wax Poetics
Fashion Killa


Excerpted from Sowmya Krishnamurthy’s FASHION KILLA, published by Gallery Books, a division of Simon & Schuster, LLC.

published online
By Sowmya Krishnamurthy

Journalist Sowmya Krishnamurthy explores the connections between the DIY hip-hop scene and the exclusive upper-echelons of high fashion in her book, Fashion Killa. An exceprt is below and the book is available to purchase here.

"Over my dead body,” said Quincy Jones. The founder of Vibe glared at the cover of the June/July 1994 issue. Madonna looked back, smugly pushing out and exaggerating her chest and torso. Her milky skin looked paler against her jet-black hair and hot-pink minidress. Was it technically long enough to be called a dress? NBA player Dennis Rodman stood behind her and pursed his lips, with one arm extended midair like a Renaissance marble sculpture by Michelangelo. She popularized “Vogue,” but he was striking a pose. The two would have a brief but fiery fling, and this was the precursor, the foreplay. “Talking Trash: Madonna Interviews Dennis Rodman,” read the headline. It was one of two salacious Vibe covers—the other had the singer and the Chicago Bulls star looking postcoital, with his belt undone and her mouth mid-moan—that the public was never supposed to see.

By the time he started Vibe, Jones was already an acclaimed multi- hyphenate, spanning music, film, and television. His discography as a performer/songwriter/composer/producer was expansive; Dizzy Gilles- pie, Frank Sinatra, Ella Fitzgerald, Michael Jackson. He was no stranger to hip-hop and was the mind behind recruiting Will Smith for the lead in The Fresh Prince of Bel-Air in 1990. But his 1989 album Back on the Block, which featured intergenerational contributions from rappers like Big Daddy Kane and Kool Mo Dee, inspired Jones to create a magazine for hip-hop. As he remembered in Q: The Autobiography of Quincy Jones, Vibe was intended to be an “urban Rolling Stone for the ’90s” or The Source with an “expanded reach.”

The idea for Vibe ended up in Time Ventures, an incubator for testing and launching new titles like Parenting and Southern Living. “As I remember, no one knew where to put it because Time, Inc. was very conservative. This idea of a hip-hop magazine was anything but,” Carol Smith, SVP, Group Publishing Director at ELLE (who was at Time Ventures back then), explained to me. “When nobody knew where to put it, the launch ended up with us.”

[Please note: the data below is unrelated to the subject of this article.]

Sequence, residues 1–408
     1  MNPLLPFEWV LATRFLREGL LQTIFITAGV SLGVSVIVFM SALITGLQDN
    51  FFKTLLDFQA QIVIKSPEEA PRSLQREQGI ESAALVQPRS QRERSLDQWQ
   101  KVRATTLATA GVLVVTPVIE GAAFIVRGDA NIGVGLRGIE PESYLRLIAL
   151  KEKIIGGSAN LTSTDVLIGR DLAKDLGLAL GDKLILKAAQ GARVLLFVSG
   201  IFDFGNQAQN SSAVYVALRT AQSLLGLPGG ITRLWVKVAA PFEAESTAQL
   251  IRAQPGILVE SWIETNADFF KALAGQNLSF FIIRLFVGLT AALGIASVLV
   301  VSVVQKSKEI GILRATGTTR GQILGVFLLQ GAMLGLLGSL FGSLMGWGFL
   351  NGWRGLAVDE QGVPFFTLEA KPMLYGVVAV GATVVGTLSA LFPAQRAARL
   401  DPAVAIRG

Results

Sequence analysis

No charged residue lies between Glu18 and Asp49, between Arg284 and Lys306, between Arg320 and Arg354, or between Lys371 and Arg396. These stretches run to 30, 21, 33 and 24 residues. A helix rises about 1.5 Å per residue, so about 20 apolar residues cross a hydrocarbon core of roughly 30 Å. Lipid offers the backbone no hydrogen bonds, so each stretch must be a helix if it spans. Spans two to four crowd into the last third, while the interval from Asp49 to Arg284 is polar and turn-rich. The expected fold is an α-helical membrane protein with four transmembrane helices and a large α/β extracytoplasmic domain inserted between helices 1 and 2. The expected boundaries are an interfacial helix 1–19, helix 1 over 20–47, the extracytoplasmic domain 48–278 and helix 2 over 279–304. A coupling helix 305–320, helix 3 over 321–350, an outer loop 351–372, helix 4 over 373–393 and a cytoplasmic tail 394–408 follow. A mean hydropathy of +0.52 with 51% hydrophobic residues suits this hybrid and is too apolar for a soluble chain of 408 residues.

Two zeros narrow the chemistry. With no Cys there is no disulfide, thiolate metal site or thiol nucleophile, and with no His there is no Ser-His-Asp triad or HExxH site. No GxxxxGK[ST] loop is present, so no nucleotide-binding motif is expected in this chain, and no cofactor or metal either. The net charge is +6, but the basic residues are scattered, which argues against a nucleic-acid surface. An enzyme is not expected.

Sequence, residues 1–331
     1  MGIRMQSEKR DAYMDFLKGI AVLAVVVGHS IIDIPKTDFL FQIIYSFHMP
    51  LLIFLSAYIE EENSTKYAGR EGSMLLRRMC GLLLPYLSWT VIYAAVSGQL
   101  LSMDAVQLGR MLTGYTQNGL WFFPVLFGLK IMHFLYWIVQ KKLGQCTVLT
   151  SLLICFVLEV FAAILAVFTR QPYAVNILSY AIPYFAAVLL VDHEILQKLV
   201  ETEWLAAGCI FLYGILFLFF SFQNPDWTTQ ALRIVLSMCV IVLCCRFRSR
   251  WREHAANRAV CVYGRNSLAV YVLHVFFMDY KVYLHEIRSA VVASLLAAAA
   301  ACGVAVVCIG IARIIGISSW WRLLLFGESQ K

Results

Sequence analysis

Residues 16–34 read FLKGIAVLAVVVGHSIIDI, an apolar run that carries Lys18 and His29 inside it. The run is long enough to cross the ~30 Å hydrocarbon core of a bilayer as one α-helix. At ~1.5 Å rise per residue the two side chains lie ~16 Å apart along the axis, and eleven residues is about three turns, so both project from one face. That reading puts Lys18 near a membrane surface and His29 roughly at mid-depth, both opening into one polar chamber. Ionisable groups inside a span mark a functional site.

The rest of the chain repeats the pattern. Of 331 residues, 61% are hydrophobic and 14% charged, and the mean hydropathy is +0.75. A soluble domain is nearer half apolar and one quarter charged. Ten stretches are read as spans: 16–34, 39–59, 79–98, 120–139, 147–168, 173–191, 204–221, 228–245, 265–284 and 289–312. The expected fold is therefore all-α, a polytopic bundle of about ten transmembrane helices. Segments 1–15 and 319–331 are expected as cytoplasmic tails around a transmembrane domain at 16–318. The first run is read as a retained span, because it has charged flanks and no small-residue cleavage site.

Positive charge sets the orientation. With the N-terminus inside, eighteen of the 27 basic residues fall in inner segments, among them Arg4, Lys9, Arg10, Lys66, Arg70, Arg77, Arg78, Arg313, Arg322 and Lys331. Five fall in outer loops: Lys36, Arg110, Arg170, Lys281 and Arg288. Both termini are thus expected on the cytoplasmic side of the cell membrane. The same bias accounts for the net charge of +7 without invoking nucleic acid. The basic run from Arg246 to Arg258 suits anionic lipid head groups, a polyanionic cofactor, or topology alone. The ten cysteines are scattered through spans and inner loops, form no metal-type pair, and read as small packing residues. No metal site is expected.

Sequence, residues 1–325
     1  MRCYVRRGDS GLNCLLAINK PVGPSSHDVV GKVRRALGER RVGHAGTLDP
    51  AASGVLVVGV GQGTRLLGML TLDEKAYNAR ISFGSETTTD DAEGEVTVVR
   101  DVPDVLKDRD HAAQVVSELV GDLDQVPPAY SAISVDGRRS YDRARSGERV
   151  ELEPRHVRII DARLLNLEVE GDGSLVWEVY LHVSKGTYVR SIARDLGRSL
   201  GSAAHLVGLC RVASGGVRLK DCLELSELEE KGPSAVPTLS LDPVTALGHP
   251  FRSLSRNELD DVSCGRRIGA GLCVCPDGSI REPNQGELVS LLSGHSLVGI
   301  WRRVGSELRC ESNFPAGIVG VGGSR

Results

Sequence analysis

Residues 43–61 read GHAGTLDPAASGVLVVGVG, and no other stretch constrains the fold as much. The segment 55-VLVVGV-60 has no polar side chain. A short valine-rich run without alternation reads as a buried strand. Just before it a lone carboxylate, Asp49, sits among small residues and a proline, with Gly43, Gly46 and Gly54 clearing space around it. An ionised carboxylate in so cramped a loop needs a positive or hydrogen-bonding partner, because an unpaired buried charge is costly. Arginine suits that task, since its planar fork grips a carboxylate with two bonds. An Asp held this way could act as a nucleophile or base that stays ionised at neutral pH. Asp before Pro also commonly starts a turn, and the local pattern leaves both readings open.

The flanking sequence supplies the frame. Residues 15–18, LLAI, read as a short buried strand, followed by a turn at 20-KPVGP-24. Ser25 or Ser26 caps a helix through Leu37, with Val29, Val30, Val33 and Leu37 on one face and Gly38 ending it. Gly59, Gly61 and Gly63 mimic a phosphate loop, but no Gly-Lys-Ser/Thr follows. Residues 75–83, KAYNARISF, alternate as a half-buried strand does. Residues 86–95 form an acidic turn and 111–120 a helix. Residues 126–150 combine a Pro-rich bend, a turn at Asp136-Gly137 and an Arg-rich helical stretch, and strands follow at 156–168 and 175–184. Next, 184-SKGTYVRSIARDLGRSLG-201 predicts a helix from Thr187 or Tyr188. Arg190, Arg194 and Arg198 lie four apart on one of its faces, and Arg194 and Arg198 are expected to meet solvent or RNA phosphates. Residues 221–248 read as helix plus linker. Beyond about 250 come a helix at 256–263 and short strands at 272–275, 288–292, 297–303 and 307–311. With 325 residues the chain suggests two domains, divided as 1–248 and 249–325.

At this time, hip-hop magazines were incredibly important in con- necting fans and culture. They were a portal into hip-hop’s epicenter, New York City, and added depth to the music. Interviews brought artists to life and reporting provided analysis and insights not available elsewhere. Magazines were the monthly way to find out what the tastemakers were listening to, wearing, and thinking.

Jonathan Van Meter was an unlikely choice for the first editor in chief of Vibe. He was young—just twenty-eight years old—and a writer, not an editor. He was also white and openly gay. “It was weird. I had sort of been anointed suddenly out of nowhere and I had no idea why,” he told me. “I didn’t understand how unusual it was.” Van Meter moved to New York City and was given plum assignments that journalists dreamed about in Vogue, the New York Times Magazine, and Spy. In 1992, he was approached by Time Inc.’s corporate editor, Gil Rogin, to create a test issue of Vibe. Executives believed that his background in fashion and lifestyle offered a unique perspective for a hip-hop publica- tion. Van Meter laughed, recalling what one executive said in approval: “Jonathan Van Meter has the taste of an eighteen-year-old Black girl!”